College Scholarship Essays - 5 Brainstorm Prompts

College Scholarship Essays - 5 Brainstorm Prompts
Need a good topic for your college scholarship essays? Need ideas from your life to write about? Check here for 5 quick prompts to kick start the gray matter and get your ideas flowing.
With that in mind, let's consider ideas for your essays. If you haven't seen a scholarship application, you should look at some. Some scholarships give you no guidance. Others like the Harry S. Truman Scholarship, request essays that focus on and explore political issues facing the world today. And still more provide a prompt that you must answer or use as your topic.

To start, you need to have the applications in hand. The idea generators will be great for making a list of ideas, but knowing what you need to write about will help as you start writing down the possibilities. Look at your applications, and see what they want in the essay.

Does it give you a question to answer?

Do you have a specific length or word count?

Does the application ask for a personal experience?

Knowing what you need to write about will help clarify your ideas. Also, you can do this in a group with friends or family helping you come up with ideas.

Getting started: Write down answers for each of the questions. Try to make it long, several lines for each prompt. Many of the ideas won't be useful, but may spur other ideas or provide just one small detail for your essay. You never know what will become a great experience until you start writing.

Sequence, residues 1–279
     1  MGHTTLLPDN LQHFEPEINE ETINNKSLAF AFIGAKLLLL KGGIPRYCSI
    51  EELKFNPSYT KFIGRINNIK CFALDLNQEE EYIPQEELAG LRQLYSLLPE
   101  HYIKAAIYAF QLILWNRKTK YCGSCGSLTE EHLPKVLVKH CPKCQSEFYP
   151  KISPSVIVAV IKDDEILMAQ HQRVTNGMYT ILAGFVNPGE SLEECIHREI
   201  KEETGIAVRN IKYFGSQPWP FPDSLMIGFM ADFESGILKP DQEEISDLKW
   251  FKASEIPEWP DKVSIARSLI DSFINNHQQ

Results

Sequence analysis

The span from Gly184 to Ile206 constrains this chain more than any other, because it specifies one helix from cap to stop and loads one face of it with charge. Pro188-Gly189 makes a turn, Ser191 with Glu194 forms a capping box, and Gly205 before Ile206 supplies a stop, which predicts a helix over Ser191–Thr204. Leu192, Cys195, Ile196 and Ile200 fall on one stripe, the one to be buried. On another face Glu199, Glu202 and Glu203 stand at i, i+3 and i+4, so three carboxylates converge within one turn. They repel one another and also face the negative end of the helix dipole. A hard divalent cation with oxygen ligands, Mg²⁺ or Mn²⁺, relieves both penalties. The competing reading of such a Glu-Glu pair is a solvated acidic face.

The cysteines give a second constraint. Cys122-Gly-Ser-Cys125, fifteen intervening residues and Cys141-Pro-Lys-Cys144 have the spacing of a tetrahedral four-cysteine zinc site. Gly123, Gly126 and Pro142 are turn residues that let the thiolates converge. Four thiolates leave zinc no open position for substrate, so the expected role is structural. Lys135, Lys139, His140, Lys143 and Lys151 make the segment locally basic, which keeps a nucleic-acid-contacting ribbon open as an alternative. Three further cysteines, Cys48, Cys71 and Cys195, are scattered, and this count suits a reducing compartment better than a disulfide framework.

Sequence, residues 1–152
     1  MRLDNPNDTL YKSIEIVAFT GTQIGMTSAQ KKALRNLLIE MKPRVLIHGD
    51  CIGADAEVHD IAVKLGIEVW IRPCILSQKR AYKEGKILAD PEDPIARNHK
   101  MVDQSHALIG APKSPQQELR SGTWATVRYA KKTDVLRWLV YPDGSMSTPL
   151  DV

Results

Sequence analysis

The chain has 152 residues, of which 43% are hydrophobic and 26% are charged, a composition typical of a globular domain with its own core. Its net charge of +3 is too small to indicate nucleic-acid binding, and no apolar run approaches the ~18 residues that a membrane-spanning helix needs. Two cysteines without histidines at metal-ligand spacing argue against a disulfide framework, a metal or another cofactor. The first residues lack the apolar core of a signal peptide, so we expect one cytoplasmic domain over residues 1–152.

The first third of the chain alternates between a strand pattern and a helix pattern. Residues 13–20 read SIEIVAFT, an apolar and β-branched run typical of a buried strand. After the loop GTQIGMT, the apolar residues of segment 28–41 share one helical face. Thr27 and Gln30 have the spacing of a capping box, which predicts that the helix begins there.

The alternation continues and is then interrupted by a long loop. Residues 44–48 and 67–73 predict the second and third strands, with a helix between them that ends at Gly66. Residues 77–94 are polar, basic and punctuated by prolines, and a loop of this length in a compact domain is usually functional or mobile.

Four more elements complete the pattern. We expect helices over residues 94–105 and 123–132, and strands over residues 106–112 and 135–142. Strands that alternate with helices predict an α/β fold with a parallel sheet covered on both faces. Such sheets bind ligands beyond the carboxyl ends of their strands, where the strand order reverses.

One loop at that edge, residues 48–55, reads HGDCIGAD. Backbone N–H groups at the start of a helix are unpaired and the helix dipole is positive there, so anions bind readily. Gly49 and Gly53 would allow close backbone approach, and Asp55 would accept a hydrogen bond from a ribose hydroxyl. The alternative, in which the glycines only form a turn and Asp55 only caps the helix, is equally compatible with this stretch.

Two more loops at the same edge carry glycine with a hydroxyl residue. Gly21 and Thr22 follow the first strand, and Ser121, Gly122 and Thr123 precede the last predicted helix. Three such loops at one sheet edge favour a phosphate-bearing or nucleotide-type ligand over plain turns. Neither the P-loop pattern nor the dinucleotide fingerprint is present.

Take some time to go through the list, and think through how you can present an experience or facet of your life. Jot down a short phrase on your list so you can remember what the idea means to you or how it could fit in that college scholarship essay. Don't spend too much time on each one. Keep moving, and keep the ideas flowing as much as possible.

Essay Prompts:

Using one of the essay prompts from your applications, make a short list of ideas that you might want to include in the essay, such as describing an experience you had last summer, or your interest in a particular subject. Repeat for each essay prompt on the applications you have.
Pick two (or three) major experiences for each of the last four years. Why did you think of these? What did you learn? How have you grown? What would you do differently?
What do you hope for in your future? Where would you like to be in 20 years? How will you get there from where you are now?
Name five to ten of your passions, what you love about life. Scuba diving? Karate? Ballet? Oil Painting? Why did you pick the ones you did?
Write down ten important things you have learned in the past few years (not how to tie your shoes, typically) and why these are significant to you.

I can go on, but this list will kick things off. If you have additional prompt ideas, add them to the list and answer them as well. To write a good college scholarship essay, you want to have some memorable attributes, and to reflect the ideals the scholarship supports.
The process above can take as short or as long as you want. Just a suggestion, keep it to one or two evenings. You can sit down alone or with a small group and start writing answers. Make it fun and help others by suggesting ideas. Once you have a list, you can move on to writing the essay and sending in the applications.

Other Suggestions

Make sure you take the time to proofread your essay, and have others help with this essential function as well. You can kill even a sparkling essay with just one or two mistakes in spelling, grammar, word use or style. Get some help reviewing your whole application.

And save the idea list you just made. You may want it for the next application or even next year when you start applying again. Most important, apply to all the scholarships you qualify for, and win as much money for college as you can with that college scholarship essay. You may as well - if you don't win it, who will?

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